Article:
Revealed: Banks’ secret Brexit fallback dossier
Britain’s biggest banks have drawn up a secret list of demands for politicians if the UK chooses to leave the European Union today, calling for a bonfire of red tape, open borders and a publicity drive to bolster the UK’s status as a financial centre outside the EU.
Business group TheCityUK – which opposes a Brexit – has warned that leaving would damage financial services, drive jobs to the Continent, and harm the economy.
But confidential documents, which have been seen by The Daily Telegraph, show the group has a plan to mitigate that damage, and even believes it would be possible to publicise a “relatively better long-term economic outlook for the UK” which would “promote financial stability” outside the EU.
The plan sets out “key policy asks” which the group, made up of banks including Citigroup and Lloyds, law firms and insurers, will put to the Government if voters choose Brexit.
Initial steps involve exiting smoothly with a “transitional period” to ensure “nothing changes overnight”.
Finance firms want to ensure the UK retains as much of its access to the single market as possible and adopts a mechanism similar to the passporting regime, which allows firms in the UK to operate across the EU.
Beyond that, an independent UK needs to work hard to “maintain London’s international competitiveness” as “opening up markets outside of the EU is crucial,” the documents say.
That means promoting a level playing field in global financial regulation, throwing the UK fully into a leading role in the G20, Financial Stability Board, Basel Committee, World Bank and International Monetary Fund. It also means slashing red tape.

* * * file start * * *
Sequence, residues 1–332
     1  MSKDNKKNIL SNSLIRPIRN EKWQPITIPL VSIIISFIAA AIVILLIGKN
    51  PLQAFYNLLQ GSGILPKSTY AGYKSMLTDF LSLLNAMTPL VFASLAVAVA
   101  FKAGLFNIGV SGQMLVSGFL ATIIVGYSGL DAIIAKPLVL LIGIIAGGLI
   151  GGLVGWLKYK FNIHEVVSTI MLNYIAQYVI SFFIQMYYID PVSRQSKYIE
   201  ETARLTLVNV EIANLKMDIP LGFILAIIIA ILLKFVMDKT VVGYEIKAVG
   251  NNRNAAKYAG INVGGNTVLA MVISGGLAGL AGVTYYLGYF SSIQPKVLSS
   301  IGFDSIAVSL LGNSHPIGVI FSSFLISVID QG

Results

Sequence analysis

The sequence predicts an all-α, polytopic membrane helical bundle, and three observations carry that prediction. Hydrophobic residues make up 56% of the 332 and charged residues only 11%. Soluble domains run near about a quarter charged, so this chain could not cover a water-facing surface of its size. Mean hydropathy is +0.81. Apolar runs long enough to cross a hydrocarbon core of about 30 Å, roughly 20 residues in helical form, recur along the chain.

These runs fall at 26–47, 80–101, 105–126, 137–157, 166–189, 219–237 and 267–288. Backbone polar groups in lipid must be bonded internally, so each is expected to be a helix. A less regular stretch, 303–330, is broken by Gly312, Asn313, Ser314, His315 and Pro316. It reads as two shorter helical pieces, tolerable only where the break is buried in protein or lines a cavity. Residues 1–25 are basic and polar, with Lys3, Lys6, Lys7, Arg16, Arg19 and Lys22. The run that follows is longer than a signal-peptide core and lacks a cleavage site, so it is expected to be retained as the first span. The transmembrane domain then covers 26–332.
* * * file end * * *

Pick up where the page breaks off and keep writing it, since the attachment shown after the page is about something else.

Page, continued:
The proposals suggest “rethinking the UK’s regulatory approach … to support jobs, growth and competitiveness”. Banks and finance firms are keen to ensure the finance sector is not cut off from the international jobs market. That means “pressing the case for continued access to skilled talent from the EU and the rest of the world in order to boost the UK’s competitiveness”, and suggests the City will be lobbying for accommodating immigration rules.
In combination with a trade policy which replicates free trade with the EU and adds on new agreements with “key trade partners” in the rest of the world, it should be possible to have a strong economy in future, the group hopes.
By contrast, if voters decide to remain, TheCityUK wants British policymakers to engage more vigorously with Brussels. It also proposes “better engagement of the UK parliament, with full scrutiny of EU proposals”.
In addition it would like to see “more UK officials in EU institutions; this should be seen as an important part in a senior civil servant’s career”.
A spokesman from TheCityUK said: “This is a draft internal document to ensure preparedness for what is a significant vote – an expected and prudent business practice. It should be noted that 84pc of our members have said that they want to remain part of the European Union – 95pc have stated that continued access to the single market is vital for their competitiveness.”